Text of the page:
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Thanksgiving Leftovers for POETS Day – Reheated Christina Rossetti

[This entry is cross posted at ordinary-times.com]

There’s not much to Piss Off Early from, despite Tomorrow being Saturday. I’m probably wrong about this but to me “seizing” implies taking from. Most people are off work the day after Thasnksgiving so…can you seize the beginning to a weekend if it’s uncontested? Unless you are mid-melee in an epic struggle with a fellow Walmart shopper vying for the last Play Station 5.2 I don’t see much seizing going on today at all. There’s no boss pressing you with a deadline and the threat of late Friday hours. You haven’t hit any stir-crazy milestones because it’s bound to have been a light week. There’s nothing of the standard annoyance to escape from.

Normally I suggest using your reclaimed time in a carpe diem way – hit the bars early, enjoy the park, etc. None of those things hold as much Friday afternoon appeal when they are permitted. I’m going to watch the US play England in the World Cup and do some laundry. My kids are going to the movies but I’m not joining them. I hate theaters now that they all sell nachos; might as well hand everybody a set of maracas. Also, they won’t pause when I have to go to the bathroom and the drinks are really expensive and big so I have to go to the bathroom at a wine bar like dollar to urination ratio. I have a pretty good mystery novel I’m midway through and I see that There Will Be Blood is available streaming on Paramount Plus and I’ve never seen that. It’s ho-hum, but I’ll be okay.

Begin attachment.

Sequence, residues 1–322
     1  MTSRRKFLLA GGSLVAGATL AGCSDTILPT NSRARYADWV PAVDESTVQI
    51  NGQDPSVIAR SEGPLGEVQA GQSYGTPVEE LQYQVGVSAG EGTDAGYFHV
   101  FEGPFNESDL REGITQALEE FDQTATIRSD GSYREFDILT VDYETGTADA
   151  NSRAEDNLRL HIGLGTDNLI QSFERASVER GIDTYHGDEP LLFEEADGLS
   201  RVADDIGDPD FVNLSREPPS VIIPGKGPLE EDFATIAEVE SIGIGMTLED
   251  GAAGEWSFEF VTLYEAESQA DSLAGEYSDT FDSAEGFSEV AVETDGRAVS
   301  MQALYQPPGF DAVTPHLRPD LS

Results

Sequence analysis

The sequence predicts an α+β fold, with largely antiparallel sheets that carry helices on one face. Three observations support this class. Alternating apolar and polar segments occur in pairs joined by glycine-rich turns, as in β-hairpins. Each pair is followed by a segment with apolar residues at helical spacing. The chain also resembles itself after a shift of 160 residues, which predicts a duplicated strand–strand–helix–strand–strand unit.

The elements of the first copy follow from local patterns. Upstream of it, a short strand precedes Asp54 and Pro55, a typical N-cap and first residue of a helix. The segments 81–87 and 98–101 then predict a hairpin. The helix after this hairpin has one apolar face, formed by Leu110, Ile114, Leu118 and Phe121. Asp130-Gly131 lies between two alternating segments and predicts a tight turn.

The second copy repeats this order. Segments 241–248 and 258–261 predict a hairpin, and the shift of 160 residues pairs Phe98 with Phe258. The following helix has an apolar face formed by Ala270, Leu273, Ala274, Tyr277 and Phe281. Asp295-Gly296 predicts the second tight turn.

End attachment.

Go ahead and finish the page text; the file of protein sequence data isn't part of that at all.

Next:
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A Quick Note on the Rossetti POETS Day Post

I mentioned the parallel between the sisters Laura and Lizzie in “The Goblin Market” and the sisters Lilian and Lilias in “An Apple Gathering” in my earlier post. I didn’t make clear my beliefs on why Rossetti didn’t use the names of the first set of sisters twice rather than give the second original names meant to call the first to mind.